Home Blogs Cry Havoc! And let slip the dogs of technology (Pt 2)

Cry Havoc! And let slip the dogs of technology (Pt 2)

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In my previous post I explored the crucial business need for supplier and support provider transparency and began the tale of a small business owner I had met, for whom this certainly wasn’t the case…

So as I had promised, I drove out to George’s offices near Parramatta in Sydney.

He asked me to come out about an hour before the others were due so that I could look around and ask any questions I needed to ask.

The business was an import/distribution operation with a reasonable turnover and after a look around I sat down with him and asked what he’d spent on technology during the past twelve months: I kind of expected the answer I got which was, “We think it’s around $450,000, give or take a little.”

So I asked, “What comprises this number? To be honest, this sounds a little light based on what I’ve seen around the place.”

George called in one of his beanies and got him to go through the details.

As he worked his way through the figures, I could see that a lot of the costs that I would consider to be technology related were seen as operating or finance costs and weren’t being included. Once we added all of them back, even allowing for the fact that the beanie didn’t agree with the reclassification of the expenses, we came up with a total of nearly $800,000.

George nearly fell off his chair. And the beanie began to turn an unexpected, if improbable, fire engine red — with gloss finish!

He coughed, spluttered, back-pedalled and delivered amazing excuses: Credit this, debit that, liability something else, below the EBIT line over there, management fees somewhere else, intercompany loans and so on.

I could see George starting to waver so I asked a very simple question to by-pass the jargon and drivel and get us back to the point of the discussion:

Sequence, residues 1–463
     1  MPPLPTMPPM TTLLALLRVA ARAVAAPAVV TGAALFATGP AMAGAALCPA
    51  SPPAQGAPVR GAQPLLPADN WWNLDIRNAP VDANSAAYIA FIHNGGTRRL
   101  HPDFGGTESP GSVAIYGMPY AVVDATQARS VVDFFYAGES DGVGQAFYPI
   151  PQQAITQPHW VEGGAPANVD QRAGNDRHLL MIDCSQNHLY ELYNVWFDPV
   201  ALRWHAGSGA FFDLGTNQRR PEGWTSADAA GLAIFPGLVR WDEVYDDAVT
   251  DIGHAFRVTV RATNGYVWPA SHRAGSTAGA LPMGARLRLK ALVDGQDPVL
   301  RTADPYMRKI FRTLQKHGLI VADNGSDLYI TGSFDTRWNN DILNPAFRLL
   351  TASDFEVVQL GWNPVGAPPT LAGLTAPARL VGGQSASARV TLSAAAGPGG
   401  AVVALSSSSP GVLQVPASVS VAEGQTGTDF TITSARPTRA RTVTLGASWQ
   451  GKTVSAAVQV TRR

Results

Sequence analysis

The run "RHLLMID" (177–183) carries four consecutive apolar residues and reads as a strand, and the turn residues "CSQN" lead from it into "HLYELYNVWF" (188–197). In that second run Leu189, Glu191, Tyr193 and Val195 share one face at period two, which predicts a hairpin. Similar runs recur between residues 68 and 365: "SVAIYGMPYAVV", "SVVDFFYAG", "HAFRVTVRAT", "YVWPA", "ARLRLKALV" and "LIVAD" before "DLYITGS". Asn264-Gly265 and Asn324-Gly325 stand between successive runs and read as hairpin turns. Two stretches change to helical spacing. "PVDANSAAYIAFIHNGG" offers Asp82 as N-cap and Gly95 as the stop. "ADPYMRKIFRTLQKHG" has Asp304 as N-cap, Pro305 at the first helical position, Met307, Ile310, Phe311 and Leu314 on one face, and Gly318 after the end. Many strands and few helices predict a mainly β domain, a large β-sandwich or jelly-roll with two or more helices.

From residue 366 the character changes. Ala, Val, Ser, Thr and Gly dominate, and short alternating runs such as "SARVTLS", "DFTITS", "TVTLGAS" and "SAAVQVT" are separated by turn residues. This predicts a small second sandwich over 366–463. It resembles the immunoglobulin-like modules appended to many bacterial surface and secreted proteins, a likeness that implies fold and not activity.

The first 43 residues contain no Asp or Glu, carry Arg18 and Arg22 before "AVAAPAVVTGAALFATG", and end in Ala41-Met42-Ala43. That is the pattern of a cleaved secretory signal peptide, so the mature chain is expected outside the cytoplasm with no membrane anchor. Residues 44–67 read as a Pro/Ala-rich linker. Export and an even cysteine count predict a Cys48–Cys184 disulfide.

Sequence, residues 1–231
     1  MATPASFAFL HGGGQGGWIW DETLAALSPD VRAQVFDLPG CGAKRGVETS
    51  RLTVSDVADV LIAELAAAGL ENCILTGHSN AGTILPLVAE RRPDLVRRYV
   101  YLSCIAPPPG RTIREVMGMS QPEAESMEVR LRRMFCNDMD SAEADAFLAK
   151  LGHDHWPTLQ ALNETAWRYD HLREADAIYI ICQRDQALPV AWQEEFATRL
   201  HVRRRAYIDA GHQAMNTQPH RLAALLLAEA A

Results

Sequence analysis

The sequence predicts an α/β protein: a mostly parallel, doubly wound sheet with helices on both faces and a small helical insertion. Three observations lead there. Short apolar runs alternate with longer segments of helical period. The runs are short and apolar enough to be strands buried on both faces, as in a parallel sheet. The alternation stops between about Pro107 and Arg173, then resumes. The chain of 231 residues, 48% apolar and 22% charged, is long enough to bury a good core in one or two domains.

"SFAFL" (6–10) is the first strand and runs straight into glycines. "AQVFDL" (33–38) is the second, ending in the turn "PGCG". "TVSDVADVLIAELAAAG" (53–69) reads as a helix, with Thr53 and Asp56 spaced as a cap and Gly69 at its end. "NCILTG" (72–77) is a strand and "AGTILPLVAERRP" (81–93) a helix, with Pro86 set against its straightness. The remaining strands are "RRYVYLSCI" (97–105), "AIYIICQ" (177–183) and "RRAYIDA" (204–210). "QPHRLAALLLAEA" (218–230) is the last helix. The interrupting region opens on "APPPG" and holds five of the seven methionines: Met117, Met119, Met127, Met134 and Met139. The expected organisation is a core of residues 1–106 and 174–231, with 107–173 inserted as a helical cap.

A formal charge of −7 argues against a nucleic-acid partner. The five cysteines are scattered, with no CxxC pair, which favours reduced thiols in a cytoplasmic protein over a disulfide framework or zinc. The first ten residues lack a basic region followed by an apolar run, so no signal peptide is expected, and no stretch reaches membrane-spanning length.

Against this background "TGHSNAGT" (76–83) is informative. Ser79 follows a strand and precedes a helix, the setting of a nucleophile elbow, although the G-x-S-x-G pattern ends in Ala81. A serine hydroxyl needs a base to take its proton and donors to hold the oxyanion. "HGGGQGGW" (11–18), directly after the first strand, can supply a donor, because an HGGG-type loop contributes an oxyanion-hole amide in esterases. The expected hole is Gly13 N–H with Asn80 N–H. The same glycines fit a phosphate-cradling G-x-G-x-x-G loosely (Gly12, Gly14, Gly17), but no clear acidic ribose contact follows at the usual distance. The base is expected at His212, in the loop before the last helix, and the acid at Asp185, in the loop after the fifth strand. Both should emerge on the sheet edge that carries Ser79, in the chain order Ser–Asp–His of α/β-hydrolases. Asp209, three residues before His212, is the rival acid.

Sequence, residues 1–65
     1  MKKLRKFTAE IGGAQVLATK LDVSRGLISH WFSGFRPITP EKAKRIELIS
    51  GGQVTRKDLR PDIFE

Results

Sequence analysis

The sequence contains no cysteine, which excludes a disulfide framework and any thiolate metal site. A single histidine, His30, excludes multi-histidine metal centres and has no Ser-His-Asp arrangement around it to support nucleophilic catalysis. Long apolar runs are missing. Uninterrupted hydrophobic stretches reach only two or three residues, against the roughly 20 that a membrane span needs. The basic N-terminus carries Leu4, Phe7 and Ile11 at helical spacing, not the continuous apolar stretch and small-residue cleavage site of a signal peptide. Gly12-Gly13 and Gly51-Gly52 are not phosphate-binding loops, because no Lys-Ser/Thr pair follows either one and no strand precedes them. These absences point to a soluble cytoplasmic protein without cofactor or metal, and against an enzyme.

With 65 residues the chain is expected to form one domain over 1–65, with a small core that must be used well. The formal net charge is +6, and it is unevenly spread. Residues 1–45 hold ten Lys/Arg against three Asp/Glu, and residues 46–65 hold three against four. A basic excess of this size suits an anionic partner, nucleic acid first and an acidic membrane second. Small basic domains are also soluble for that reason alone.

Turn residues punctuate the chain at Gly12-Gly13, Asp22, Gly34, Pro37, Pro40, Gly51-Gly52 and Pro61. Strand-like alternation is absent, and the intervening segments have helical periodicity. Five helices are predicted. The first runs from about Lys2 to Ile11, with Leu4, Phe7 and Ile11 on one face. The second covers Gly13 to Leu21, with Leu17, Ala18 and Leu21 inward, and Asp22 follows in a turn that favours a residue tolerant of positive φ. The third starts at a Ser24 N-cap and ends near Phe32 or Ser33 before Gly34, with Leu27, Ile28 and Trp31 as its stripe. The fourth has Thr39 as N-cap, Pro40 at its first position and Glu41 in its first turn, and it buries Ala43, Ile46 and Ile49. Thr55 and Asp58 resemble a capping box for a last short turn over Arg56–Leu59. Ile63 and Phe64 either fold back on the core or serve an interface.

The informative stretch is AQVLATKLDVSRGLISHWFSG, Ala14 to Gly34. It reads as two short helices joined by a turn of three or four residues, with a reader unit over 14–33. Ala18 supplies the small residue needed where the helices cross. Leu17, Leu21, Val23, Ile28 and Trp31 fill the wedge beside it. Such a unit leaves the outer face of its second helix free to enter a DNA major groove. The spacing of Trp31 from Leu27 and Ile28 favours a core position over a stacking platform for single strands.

“How much did overall, aggregated technology expenses affect your Profit and Loss for the last twelve months.”

George turned to the beanie and just looked at him, waiting. Finally, the answer came back. “About eight hundred thousand.”

I turned to George and said, “That’s the number you need to reduce and if your support guy and your vendor don’t want to help you achieve that, then get rid of them and get someone who will.”

George was pretty shocked at this point. Technology costs were buried in various operational and sales budgets, and lumped into categories that (strictly speaking) were correct, but, didn’t help the business see clearly what it was spending.

I said to George, “You need to get that number down by about $350,000 over the next twelve months. Now you might not get there, but you need to have a budgetary target that you’re all working towards. So who manages technology for you internally?”

George turned and looked at the beanie again.

I nodded slowly and asked, “Did you hire him to be a finance guy or a technology guy?”

“Finance, why?” he replied.

“You wouldn’t hire a blacksmith to do joinery, so why hire an accountant to do technology?”

Just then George’s phone rang. It was the support guy and the reseller. The preliminaries were over, it was time for the main event.

George said, “We’ll meet with them in the Board Room.”

The 1% Spend is written by a prominent Australian I.T. consultant who is choosing to remain anonymous (and candid).

Illustration: Mike “Dakinewavamon” Kline

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